Does the genome retain its integrity during development?
Today, we shall go to The University of Pittsburgh, where Dr. Richard Carthew will discuss genome equivalence and its consequences for development.
The text references in Dr. Carthew's module are to Gilbert (1997). Comparable material can be found in
Until recently, the evidence had been overwhelming that irreversible changes do occur in nuclei of adult animals that would preclude them from being reprogrammed to promote complete, normal development when implanted into an anucleate egg. However, Dolly has indicated that we may have been wrong. Mammalian cloning is now a reality. Use the mammalian cloning link to fulfil the following learning objectives:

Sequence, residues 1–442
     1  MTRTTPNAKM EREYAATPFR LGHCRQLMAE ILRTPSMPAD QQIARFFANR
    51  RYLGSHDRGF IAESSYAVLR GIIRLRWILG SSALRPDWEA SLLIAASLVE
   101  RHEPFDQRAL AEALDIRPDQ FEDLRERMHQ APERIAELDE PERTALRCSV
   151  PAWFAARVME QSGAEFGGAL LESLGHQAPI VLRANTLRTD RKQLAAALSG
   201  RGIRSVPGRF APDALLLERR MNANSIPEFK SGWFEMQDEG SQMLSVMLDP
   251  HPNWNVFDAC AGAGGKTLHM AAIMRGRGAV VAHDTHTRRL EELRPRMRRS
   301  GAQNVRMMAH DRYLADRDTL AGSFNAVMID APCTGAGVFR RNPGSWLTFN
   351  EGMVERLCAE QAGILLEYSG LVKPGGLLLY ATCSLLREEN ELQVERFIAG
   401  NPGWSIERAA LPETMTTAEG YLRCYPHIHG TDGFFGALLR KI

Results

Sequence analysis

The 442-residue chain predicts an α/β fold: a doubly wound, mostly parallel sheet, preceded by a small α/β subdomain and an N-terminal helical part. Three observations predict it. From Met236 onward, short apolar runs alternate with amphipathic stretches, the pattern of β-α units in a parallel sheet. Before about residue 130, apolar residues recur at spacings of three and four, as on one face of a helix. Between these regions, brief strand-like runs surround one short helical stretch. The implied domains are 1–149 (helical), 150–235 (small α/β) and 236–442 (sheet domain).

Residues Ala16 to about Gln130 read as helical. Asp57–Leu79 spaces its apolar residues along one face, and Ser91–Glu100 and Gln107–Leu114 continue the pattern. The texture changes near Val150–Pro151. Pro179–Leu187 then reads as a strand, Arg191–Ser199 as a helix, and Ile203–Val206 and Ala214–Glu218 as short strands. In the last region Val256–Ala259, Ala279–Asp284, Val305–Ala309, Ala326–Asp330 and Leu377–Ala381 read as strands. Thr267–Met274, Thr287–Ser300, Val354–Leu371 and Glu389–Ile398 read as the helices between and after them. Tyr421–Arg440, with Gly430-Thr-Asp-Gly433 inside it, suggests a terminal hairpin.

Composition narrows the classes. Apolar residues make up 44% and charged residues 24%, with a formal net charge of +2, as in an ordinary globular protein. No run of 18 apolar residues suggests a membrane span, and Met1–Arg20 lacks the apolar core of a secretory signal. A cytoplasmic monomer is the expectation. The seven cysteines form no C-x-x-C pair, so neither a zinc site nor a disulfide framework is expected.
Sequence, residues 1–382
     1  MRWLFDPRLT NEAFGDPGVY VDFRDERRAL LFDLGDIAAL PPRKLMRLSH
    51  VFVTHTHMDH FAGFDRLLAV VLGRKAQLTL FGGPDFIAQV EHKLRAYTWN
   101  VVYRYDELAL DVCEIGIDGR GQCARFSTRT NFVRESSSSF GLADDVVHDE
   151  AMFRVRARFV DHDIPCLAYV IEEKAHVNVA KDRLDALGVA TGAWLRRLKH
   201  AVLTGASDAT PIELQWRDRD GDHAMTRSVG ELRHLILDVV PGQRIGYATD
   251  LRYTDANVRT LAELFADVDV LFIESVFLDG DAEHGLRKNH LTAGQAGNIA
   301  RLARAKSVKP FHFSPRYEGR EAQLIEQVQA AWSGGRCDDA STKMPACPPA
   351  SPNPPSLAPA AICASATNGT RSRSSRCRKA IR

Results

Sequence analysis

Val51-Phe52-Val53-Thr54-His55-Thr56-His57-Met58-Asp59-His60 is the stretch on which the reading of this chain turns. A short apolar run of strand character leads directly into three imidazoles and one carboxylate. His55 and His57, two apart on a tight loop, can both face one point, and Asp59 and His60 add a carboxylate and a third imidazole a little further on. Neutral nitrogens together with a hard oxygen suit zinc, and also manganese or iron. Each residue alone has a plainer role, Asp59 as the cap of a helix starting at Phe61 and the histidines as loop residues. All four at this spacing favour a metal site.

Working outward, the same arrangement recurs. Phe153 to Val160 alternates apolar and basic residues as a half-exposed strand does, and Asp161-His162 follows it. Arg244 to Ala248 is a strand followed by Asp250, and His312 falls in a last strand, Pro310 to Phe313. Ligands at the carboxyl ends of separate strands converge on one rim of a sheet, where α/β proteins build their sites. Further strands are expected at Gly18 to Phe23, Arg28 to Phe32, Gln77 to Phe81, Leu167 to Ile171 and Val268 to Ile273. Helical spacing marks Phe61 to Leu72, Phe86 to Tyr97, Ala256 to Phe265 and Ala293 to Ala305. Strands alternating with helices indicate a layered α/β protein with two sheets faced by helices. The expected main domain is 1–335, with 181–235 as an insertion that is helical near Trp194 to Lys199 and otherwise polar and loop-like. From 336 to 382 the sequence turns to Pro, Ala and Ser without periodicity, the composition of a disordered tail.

Additional Learning Objectives for This Module
Chan, A.P. and Gurdon, J.B. 1996. Nuclear transplantation from stably transfected cultured cells of Xenopus. Int. J. Develop. Biol. 40: 441-451.
Browder, L.W., Erickson, C.A. and Jeffery, W.R. 1991. Developmental Biology. Third edition. Saunders College Pub. Philadelphia.
Gilbert, S.F. 1997. Developmental Biology. Fifth edition. Sinauer. Sunderland, MA.
Kalthoff, K. 1996. Analysis of Biological Development. McGraw-Hill. New York.
Shostak, S. 1991. Embryology. An Introduction to Developmental Biology. HarperCollins. New York.
Wolpert, L., Beddington, R., Brockes, J., Jessell, T., Lawrence, P. and Meyerowitz, E. 1998. Principles of Development. Current Biology. London.
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Leon Browder & Laurie Iten (Ed.) Dynamic Development
Last revised Thursday, June 25, 1998